Why this London doctor doesn't agree with referring patients for medically assisted death

'We need to find a system that works for everybody': doctor

Read this story on CBC (Link to audio of interview on CBC website)

One year after medically assisted death was made law in Canada, a London physician is adamant the rules are putting undue pressure of physicians who don't want to refer patients for the procedure.  

Dr. Ramona Coelho, a family doctor in London, said she understands Canadian law allows people to choose medically assisted death but she opposes a requirement that doctors have a duty to refer patients to another physicians who is willing to do it.

"We are a pluralistic society. We try to coexist, and we need to find a system that works for everybody," she told CBC's London Morning.

"I am willing to tell people that they have the legal option to do so, but the participation (by referral) is where I draw the line."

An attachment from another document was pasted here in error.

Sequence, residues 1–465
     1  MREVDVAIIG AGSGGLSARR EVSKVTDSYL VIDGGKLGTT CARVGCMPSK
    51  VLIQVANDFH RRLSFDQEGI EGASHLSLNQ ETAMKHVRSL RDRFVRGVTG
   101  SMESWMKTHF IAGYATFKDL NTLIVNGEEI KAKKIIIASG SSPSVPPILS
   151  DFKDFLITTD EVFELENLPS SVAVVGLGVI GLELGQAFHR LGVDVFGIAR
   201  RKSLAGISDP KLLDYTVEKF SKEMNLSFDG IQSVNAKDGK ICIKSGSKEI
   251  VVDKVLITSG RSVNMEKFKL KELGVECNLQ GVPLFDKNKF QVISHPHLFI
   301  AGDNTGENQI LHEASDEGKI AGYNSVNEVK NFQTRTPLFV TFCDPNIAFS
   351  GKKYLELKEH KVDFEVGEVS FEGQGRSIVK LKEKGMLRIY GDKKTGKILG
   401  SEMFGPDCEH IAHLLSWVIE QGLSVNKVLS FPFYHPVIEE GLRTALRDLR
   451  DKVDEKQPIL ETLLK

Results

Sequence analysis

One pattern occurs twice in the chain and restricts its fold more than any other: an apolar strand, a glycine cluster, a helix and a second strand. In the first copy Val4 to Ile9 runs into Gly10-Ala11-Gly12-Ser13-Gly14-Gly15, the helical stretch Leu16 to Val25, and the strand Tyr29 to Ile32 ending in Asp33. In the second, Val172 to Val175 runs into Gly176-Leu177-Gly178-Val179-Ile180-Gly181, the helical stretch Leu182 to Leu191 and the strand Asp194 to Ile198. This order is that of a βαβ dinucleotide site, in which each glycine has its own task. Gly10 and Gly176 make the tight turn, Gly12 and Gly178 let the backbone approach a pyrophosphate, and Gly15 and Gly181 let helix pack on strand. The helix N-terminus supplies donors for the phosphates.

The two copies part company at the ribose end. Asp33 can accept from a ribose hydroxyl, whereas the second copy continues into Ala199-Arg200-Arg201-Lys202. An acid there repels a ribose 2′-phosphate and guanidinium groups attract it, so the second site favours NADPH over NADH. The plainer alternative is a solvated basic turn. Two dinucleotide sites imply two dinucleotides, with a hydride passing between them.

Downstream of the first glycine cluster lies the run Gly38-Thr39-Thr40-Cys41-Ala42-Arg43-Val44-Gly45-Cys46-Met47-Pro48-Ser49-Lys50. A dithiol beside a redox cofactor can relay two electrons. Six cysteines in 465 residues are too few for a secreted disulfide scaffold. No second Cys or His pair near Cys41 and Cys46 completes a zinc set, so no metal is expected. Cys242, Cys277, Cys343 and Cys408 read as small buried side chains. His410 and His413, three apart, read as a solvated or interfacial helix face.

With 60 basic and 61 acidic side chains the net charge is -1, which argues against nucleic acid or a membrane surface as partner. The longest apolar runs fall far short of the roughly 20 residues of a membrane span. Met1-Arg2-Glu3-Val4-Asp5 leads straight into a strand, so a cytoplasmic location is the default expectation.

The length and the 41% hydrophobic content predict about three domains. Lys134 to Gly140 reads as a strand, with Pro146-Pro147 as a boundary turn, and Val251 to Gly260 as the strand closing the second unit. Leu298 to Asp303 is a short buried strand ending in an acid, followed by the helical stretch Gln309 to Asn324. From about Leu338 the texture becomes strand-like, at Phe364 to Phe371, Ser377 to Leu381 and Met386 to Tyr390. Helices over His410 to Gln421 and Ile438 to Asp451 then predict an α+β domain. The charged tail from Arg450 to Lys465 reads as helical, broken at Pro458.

Coelho was responding to a series of stories and interviews CBC London has presented about medically assisted dying, and the lack of access in this region.

Terminally ill patients often have a number of care professionals that can refer to another physician, Coelho said. 

"In a hospital setting, it's much more seamless than people are making it out to be. A doctor could notify someone to make the referral or transfer the care," she said. 

"In an outpatient setting, people have social workers, psychiatrists, a full care team, often six or seven people, and it shouldn't have to fall on the person who conscientiously objects to refer them. It could be a nurse, for example.